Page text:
Take that even further…IML is a national law, but since it relies on the state’s individual decisions on who is on the registry and for how long, it completely fails the Equal Protection that is guaranteed under the 5th amendment’s Due Process clause for the federal government. People in virtually the same situations can’t be treated differently, yet that’s exactly what IML does and to an extreme.

    • Trust me

      I moved out of new york overseas. They still want me to report to them. I asked them if they were going to send my verification paper over here. One said yes and to mail it back in 3 days. It takes a month to get a letter here from the US. The other said just to send them a selfie every 3 years to keep my photo up to date. Either way its ridiculous to check in and have my address listed on the local registry if i live overseas. I dont even show up right on their map because its only set up for new york.

  4. Ron

    What is there preventing someone from traveling to a temporary destination (say Mexico), spending a night or a week, then buying a ticket to your final destination. It seems to me this would be legal and even better you wouldn’t have to tell uncle Sam where you are living. – be sure not to follow my legal advice

    • Chester M

      This is the purpose of the passports being marked with a clear and prominent marking.

    • AJ

      @Ron:
      You would not be supplying, “information relating to intended travel…outside the United States, including any anticipated dates and places of departure, arrival, or return, carrier and flight numbers for air travel, destination country and address or other contact information therein, means and purpose of travel,” and would thus appear to violate IML. The law has the all-encompassing phrase, “travel…outside the United States,” not just the first place of travel outside the US. You’d also probably be in violation for, “knowingly fail[ing] to provide information required by [SORNA] relating to intended travel in foreign commerce; and engag[ing] or attempt[ing] to engage in the intended travel in foreign commerce.” So yes, one could slip into an intermediary country (though I’d choose other than Mexico!), then travel onward. However, that is still a violation of both the letter and spirit of IML. One would have to convincingly show you only intended to travel to Mexico (using your example), then once out of US jurisdiction and “deregistered” (i.e. no longer subject to IML or SORNA), decided to travel further. Having to travel indirectly to attempt to satisfy IML with one’s open-ended plans in and of itself points to IML excessively restricting one’s right to travel *freely.*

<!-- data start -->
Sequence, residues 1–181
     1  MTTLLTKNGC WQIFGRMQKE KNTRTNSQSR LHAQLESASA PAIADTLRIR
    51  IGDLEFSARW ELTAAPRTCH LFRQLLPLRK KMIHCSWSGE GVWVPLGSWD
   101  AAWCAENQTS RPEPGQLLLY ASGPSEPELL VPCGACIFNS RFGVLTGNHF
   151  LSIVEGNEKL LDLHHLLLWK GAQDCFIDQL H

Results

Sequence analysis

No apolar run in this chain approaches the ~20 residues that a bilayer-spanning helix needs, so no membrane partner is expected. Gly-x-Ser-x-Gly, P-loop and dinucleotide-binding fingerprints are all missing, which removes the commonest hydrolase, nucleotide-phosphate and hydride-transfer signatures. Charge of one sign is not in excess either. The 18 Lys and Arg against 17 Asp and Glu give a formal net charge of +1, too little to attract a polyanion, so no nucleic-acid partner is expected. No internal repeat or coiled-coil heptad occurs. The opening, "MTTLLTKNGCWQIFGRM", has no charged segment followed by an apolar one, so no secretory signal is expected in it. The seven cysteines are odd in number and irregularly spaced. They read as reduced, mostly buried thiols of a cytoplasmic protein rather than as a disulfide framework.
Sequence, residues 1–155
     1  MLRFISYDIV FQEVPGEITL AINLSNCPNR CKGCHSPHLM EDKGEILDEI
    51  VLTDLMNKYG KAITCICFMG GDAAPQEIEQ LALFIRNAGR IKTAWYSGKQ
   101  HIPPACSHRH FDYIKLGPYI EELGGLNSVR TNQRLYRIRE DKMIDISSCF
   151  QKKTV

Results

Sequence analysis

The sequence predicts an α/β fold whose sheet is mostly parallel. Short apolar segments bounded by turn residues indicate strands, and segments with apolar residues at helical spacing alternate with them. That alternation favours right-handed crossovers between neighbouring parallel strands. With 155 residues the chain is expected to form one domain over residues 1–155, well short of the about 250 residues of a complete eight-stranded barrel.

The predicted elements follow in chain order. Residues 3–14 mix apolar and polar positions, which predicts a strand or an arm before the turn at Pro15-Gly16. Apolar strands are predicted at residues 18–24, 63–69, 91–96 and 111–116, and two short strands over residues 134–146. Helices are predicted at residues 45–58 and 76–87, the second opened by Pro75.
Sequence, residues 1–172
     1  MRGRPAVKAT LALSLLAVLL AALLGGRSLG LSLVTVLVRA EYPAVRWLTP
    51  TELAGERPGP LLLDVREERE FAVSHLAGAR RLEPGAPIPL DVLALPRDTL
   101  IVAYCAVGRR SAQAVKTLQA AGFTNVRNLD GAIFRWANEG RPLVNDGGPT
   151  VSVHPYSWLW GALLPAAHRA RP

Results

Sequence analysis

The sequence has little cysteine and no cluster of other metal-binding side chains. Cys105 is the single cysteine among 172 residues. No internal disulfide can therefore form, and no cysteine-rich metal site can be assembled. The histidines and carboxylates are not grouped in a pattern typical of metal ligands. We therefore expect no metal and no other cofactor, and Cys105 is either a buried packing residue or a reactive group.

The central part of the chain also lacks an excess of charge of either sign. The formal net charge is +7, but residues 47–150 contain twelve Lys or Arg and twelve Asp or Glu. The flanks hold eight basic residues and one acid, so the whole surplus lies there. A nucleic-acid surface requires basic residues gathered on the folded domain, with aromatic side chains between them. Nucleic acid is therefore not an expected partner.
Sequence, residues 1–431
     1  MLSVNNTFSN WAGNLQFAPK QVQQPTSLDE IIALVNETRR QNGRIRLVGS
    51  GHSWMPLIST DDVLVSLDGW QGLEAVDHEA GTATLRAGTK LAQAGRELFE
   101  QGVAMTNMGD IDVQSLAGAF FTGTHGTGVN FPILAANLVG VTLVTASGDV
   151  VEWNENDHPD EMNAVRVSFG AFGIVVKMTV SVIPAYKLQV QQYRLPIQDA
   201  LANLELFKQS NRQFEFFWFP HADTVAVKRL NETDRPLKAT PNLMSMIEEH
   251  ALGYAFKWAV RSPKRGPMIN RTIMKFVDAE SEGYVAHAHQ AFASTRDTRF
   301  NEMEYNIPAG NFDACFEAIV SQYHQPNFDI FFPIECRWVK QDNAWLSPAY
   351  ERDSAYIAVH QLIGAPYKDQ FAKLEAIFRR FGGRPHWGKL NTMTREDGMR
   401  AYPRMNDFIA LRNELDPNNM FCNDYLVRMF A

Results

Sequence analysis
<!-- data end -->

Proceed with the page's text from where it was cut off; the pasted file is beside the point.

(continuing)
5. mike r

    Oh, TS. I revised every problem you described..Proper indentation, and everything else….Thank you….Here’s the link once more since we are in a new month..
    https://gofile.io/?c=vgt6xm
    I already fixed what TS stated and revised the CaU, adding proper punctuation and grammar, so disregard any of that…

  6. mike r

    Whenever they start claiming that the laws have not adversely affected us, my argument is that: did the Jim crow laws effect African Americans? The answer is undoubtedly yes: They were not always physically prevented from using the whites only water fountain, but would be subject to arrest, or worse if they did use it , so therefore they did not do it out of fear of retribution (effected); they were not always physically prevented from the front of the bus, but were subject to arrest and/or worse if they did, so therefore did not do it out of fear of retribution (effected); they were not always physically prevented from moving into white neighborhoods, but were subject to arrests and/or much worse if they did, so therefore they did not do it out of fear of retribution (effected). Just because we haven’t tried to do any of the things that are not allowed, or not did something that we are required to do, does in no means that we do not have standing and haven’t been adversely effected. It doesn’t take an arrest to trigger the standing claim….